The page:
Canadian Essayists

With social change, including advanced education for women (in 1875 Mount Allison was the first university in the British Empire to award a woman a bachelor's degree), women extended their influence in literature and the community (Women and Education, Status of Women).

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In , which was later adopted in 1921 as the national motto, A Mare Usque Ad Mari.

In 1873, the newly formed North-West Mounted Police would carry order west and north.

In the interconnected short sketches of (1896), Scott introduced psychological realism into narrative form, eulogizing rural Quebec life on the verge of urban change.

With their stories of the lives of animals, Roberts and Ernest Thompson Seton--best known respectively for (1902) and Wild Animals I Have Known (1898)--were even more popular.

Such debates helped direct national politics; they also underlay the concerns and techniques of the new national literature.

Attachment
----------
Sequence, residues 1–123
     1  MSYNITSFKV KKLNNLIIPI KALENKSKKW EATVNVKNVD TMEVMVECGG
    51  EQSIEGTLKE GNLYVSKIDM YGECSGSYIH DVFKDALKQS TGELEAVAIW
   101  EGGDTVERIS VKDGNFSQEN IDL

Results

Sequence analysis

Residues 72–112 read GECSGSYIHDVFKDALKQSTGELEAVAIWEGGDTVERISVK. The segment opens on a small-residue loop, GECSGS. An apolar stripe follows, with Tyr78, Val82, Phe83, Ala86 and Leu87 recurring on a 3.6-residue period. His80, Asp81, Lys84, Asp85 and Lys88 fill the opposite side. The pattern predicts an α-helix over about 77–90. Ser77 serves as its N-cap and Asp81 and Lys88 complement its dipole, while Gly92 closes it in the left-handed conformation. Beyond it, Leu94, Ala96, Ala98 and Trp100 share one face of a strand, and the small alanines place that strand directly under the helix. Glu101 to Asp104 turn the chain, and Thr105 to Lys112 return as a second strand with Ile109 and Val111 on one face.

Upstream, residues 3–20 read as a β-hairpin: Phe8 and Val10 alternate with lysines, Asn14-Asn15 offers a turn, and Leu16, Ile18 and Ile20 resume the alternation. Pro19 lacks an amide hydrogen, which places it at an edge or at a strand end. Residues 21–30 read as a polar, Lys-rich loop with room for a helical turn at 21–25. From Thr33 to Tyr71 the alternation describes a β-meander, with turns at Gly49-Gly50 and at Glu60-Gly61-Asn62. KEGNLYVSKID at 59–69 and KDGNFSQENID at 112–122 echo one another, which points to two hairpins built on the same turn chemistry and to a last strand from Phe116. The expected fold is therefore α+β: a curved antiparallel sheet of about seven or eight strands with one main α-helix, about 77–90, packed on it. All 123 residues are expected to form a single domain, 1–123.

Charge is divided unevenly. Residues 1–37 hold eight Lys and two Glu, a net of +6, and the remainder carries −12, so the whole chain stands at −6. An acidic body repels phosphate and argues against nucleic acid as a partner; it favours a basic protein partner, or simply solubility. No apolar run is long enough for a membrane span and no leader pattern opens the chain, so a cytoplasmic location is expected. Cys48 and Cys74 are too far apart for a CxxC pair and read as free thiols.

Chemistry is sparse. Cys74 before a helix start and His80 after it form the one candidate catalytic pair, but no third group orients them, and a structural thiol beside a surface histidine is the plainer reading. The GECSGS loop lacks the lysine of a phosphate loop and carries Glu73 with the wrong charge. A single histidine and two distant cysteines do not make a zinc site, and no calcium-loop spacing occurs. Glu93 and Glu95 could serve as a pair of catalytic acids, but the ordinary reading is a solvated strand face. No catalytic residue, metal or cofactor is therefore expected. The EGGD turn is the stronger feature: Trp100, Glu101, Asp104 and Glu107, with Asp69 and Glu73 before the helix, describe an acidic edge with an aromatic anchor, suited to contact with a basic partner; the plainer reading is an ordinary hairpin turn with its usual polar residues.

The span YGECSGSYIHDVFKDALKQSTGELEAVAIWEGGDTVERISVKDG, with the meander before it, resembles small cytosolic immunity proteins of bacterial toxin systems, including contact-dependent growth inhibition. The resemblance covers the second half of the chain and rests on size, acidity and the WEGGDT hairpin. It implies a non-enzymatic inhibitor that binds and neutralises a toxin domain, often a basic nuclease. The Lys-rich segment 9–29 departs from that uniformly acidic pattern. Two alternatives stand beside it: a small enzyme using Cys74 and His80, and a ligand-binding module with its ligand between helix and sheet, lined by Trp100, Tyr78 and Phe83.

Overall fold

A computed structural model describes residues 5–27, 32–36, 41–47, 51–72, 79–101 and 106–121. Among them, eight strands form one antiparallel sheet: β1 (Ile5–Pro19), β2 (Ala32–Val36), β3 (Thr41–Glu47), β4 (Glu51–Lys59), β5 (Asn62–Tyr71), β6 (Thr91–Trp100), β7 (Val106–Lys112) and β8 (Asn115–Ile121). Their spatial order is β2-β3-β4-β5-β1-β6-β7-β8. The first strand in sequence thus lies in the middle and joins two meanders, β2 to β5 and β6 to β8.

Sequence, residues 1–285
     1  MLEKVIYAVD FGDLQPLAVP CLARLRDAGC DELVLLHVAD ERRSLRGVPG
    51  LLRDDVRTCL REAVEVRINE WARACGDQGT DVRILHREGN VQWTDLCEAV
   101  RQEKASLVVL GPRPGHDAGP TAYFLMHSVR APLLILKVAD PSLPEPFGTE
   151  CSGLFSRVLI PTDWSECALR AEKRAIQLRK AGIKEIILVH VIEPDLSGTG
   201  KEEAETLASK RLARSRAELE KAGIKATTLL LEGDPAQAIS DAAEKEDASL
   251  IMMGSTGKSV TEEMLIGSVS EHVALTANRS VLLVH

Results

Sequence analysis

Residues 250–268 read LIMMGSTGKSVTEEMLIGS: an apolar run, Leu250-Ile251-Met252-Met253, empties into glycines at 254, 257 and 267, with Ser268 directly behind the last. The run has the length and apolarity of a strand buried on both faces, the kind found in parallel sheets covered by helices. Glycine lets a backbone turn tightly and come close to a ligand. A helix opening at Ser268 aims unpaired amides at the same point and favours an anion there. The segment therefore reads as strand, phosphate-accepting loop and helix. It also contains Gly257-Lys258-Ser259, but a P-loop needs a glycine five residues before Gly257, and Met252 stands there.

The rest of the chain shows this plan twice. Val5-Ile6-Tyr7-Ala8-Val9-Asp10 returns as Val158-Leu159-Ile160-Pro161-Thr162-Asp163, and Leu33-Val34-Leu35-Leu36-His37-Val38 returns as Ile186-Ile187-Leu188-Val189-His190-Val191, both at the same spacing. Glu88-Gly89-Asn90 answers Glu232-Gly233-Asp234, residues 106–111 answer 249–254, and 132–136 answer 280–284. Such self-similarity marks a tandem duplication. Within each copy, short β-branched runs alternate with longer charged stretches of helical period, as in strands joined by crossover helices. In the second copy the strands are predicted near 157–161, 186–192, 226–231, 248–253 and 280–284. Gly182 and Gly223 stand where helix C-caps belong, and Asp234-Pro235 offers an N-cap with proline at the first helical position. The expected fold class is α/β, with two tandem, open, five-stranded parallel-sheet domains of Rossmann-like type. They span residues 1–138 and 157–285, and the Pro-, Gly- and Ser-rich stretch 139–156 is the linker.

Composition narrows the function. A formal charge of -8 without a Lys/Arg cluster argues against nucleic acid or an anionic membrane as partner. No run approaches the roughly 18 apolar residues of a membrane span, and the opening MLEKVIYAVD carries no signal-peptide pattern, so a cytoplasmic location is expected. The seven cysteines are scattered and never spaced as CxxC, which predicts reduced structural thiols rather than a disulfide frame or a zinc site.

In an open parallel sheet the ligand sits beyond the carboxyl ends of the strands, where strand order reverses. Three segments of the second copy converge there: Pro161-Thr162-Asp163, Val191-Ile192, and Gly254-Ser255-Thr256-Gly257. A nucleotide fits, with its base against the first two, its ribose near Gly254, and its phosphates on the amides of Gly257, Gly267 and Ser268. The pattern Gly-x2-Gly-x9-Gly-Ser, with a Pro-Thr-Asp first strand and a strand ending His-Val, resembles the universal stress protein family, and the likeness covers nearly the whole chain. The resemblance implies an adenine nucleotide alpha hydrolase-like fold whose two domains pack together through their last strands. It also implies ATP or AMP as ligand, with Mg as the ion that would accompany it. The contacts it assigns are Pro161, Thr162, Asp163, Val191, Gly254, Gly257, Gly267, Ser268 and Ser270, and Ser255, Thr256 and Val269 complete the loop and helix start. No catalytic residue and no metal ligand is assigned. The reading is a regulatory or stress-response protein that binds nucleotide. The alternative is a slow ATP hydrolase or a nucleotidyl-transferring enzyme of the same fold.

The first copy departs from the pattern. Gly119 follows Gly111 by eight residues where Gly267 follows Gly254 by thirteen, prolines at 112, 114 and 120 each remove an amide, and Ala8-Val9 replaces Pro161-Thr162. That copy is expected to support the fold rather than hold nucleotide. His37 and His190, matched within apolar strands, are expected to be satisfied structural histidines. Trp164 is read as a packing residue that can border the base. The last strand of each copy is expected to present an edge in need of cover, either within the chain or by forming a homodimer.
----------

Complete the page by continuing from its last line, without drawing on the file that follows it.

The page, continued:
Many writers in late Victorian and Edwardian Canada debated the relation between science and morality (Intellectual History) John William Dawson, Andrew Mac Phail, Daniel Wilson--embraced the principles of the Scottish Common Sense Movement.1829), where education was deemed to encourage leadership and good breeding among boys.Ideas were crossing disciplinary boundaries while technology and real life were altering social boundaries. Although in 1880 the Quebec pianist Calixa Lavallée composed the music for what later became the Canadian National Anthem, "O Canada," a more familiar patriotic song at the time in anglophone Canada was Alexander MUIR's imperialist "The Maple Leaf Forever" (1867).Male writers, too, achieved some popular success internationally, though many are now largely forgotten. James de Mille's speculative Timber Trade History) - instead of relying on the romantic glow of an imaginary past. Campbell together reshaped poetry from the 1880s till the 1920s.Grant Allen and Albert Hickman featured detectives and the paranormal. Many literary historians still regard the members of "Confederation Group" as the dominant literary figures of the late 19th century. While they differed from each other--Carman captivated by song rhythms and the "Unitrinianism" of Mary Perry King, Scott holding to a belief that the First Nations were "a dying race," Roberts often celebratory, Lampman often dour--they were all influenced by the later English Romantic poets and the American Transcendentalists.Fredericton and Montreal became creative centres, and in Toronto the --provided space for discussion of science, technological change, politics, and moral progress, as did the Royal Society of Canada (est. New technologies, such as the telephone, electric light, and the motorized engine, would serve development over the next four decades.Canadian writers, often publishing abroad, still faced economic pressure and the colonial restrictions of international copyright law, but social services, such as free education for children, would advance, and political boundaries expand.Phillips Thompson pointedly argued that the labouring class was largely excluded from prevailing theories of progress. Outside the country, the Canadian border was frequently represented as a guarantee of justice and freedom: for example, as "Jordan, the crossing to the Promised Land" in African-American song, and as the protective "Medicine Line" to Blackfoot, Lakota, and other Indigenous nations.The short fiction writer Susan Frances Harrison insisted that her work be published in Canada because foreign publishers kept distorting the local idiom she was using. Though 19th century Black tales in Canada were not collected till 1931, folksong and folktale (Folklore) did record many of the events of the time; several songs allude to the Red River Rebellion and the Klondike Gold Rush.With Confederation came immediate calls for Maritime separation but also a quickened interest in the growth of a national culture.Journalists and academic essayists earnestly disputed Canada's political destiny.

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